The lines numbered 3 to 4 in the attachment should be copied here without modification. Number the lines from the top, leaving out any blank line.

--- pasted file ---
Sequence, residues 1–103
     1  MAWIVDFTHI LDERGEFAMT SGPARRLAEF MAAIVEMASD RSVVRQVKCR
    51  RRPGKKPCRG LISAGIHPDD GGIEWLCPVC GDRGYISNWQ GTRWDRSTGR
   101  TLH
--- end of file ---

    51  RRPGKKPCRG LISAGIHPDD GGIEWLCPVC GDRGYISNWQ GTRWDRSTGR
   101  TLH